Smut in children’s books
Posted: 10 October 2017 07:15 AM   [ Ignore ]
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I found this article in the Guardian entertaining. Roger the Cabin Boy reminded me of a story I heard Frank Skinner tell on his radio show podcast about when he interviewed Kenny Rogers who told him he had just opened a chain of chicken joints called Kenny Rogers Roosters. Frank asked him if he knew roger was a verb in Britain. He did not. I looked this up and Frank seems to have misheard Kenny because they are actually called Kenny Rogers Roasters though this would still work if a roaster is also a person who roasts. It should be Kenny Rogers’ Roasters. Roger and rogering are archaic really and only used for humorous effect these days unless Tories in golf clubs and parliament still use them - I gave the filly a damn good rogering, don’t you know. Semantically, I don’t know if women have ever been said to roger men.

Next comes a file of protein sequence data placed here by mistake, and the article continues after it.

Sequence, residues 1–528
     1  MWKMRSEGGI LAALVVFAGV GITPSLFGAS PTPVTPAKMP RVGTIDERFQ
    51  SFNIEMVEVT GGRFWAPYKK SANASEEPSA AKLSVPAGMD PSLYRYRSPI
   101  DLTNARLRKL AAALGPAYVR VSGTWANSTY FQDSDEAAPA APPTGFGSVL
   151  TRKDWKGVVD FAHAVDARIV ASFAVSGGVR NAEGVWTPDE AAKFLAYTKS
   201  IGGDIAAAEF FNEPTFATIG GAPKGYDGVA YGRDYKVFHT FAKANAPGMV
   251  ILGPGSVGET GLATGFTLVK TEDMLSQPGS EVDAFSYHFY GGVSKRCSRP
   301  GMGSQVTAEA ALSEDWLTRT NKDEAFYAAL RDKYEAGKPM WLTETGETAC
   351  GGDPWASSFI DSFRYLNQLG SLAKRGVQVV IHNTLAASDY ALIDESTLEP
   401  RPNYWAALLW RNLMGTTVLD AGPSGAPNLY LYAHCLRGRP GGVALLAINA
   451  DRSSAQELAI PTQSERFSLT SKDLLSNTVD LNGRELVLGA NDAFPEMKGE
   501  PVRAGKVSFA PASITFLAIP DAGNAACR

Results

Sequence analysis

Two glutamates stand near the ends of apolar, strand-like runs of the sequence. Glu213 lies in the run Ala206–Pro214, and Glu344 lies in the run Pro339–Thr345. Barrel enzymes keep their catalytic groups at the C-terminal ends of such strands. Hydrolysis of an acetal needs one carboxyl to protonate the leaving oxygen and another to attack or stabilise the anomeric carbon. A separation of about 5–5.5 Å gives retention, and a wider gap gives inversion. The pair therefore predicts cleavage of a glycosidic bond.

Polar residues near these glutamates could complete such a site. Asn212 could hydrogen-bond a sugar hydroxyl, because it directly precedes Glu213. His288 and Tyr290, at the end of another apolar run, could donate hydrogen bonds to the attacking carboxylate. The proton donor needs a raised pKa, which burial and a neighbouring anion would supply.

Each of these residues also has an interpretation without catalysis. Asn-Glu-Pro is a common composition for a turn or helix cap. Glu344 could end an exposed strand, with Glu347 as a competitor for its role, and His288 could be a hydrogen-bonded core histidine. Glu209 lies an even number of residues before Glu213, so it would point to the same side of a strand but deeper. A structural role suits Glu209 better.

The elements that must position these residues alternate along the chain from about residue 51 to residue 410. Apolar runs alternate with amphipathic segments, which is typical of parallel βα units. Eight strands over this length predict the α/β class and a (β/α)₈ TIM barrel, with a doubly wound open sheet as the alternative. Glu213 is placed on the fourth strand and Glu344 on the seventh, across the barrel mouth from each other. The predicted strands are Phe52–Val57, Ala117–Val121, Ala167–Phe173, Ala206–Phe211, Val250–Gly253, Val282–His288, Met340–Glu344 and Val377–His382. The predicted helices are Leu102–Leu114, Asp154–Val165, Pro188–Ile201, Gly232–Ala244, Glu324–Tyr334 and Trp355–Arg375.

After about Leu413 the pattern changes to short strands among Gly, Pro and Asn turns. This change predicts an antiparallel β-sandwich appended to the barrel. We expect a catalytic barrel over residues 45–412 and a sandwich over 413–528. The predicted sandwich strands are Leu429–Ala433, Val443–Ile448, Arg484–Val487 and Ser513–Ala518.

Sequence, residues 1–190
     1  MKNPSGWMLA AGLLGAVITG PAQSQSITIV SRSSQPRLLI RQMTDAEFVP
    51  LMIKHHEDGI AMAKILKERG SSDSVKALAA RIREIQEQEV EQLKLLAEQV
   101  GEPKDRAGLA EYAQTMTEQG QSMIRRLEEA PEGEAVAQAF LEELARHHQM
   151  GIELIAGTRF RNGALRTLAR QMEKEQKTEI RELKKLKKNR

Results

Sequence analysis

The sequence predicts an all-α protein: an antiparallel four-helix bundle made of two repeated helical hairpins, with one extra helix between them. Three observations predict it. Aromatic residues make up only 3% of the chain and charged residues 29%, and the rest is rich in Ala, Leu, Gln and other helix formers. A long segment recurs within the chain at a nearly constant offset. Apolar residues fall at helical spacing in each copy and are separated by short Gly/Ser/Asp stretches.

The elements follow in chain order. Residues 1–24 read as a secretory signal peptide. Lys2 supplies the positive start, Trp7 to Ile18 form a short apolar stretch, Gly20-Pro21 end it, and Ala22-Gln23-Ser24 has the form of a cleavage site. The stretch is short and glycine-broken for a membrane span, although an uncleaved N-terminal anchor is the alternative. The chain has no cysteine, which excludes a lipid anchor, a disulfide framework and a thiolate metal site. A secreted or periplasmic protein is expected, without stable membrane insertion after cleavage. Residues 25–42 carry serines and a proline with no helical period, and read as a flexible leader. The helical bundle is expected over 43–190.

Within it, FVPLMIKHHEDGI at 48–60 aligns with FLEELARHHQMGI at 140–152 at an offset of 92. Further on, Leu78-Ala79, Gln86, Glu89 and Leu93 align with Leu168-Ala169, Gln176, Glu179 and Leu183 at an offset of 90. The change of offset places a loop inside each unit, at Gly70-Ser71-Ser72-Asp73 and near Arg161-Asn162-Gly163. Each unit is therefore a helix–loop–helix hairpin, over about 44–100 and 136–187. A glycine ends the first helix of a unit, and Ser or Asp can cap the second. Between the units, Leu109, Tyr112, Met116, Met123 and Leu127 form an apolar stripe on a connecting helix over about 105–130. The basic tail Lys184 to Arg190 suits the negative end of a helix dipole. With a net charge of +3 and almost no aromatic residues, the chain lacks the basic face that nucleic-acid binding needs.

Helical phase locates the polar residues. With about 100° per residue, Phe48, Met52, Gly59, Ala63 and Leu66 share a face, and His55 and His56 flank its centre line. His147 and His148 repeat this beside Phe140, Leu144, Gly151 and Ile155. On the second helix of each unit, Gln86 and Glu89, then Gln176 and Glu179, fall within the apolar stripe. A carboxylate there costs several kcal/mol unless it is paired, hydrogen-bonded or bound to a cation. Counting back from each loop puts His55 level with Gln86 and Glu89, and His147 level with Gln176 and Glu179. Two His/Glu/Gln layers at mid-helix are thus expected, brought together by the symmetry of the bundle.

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Posted: 11 October 2017 03:59 AM   [ Ignore ]   [ # 1 ]
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What does this roger mean in Britain?

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Posted: 11 October 2017 04:06 AM   [ Ignore ]   [ # 2 ]
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Faldage - 11 October 2017 03:59 AM

What does this roger mean in Britain?

“Slang meaning “penis” was popular c. 1650-c. 1870; hence the slang verb sense of “to copulate with (a woman),” attested from 1711. “

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Posted: 11 October 2017 05:07 AM   [ Ignore ]   [ # 3 ]
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Roger and rogering are archaic really and only used for humorous effect these days unless Tories in golf clubs and parliament still use them - I gave the filly a damn good rogering, don’t you know.

Instead of damn, and being English, he could well have said ‘a jolly rogering’.

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